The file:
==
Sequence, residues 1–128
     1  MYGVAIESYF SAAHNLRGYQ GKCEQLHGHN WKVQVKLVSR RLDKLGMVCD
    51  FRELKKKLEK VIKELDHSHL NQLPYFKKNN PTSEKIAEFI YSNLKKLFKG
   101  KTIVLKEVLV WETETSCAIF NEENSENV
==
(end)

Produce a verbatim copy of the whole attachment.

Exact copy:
Sequence, residues 1–128
     1  MYGVAIESYF SAAHNLRGYQ GKCEQLHGHN WKVQVKLVSR RLDKLGMVCD
    51  FRELKKKLEK VIKELDHSHL NQLPYFKKNN PTSEKIAEFI YSNLKKLFKG
   101  KTIVLKEVLV WETETSCAIF NEENSENV